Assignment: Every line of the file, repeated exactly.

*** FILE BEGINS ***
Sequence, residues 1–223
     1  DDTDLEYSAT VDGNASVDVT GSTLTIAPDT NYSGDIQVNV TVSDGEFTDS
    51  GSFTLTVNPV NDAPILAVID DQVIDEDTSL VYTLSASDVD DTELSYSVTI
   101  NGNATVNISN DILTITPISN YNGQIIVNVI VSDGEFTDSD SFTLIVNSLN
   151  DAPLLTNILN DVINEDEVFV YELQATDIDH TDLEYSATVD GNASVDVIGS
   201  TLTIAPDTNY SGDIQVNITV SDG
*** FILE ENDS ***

Sequence, residues 1–223
     1  DDTDLEYSAT VDGNASVDVT GSTLTIAPDT NYSGDIQVNV TVSDGEFTDS
    51  GSFTLTVNPV NDAPILAVID DQVIDEDTSL VYTLSASDVD DTELSYSVTI
   101  NGNATVNISN DILTITPISN YNGQIIVNVI VSDGEFTDSD SFTLIVNSLN
   151  DAPLLTNILN DVINEDEVFV YELQATDIDH TDLEYSATVD GNASVDVIGS
   201  TLTIAPDTNY SGDIQVNITV SDG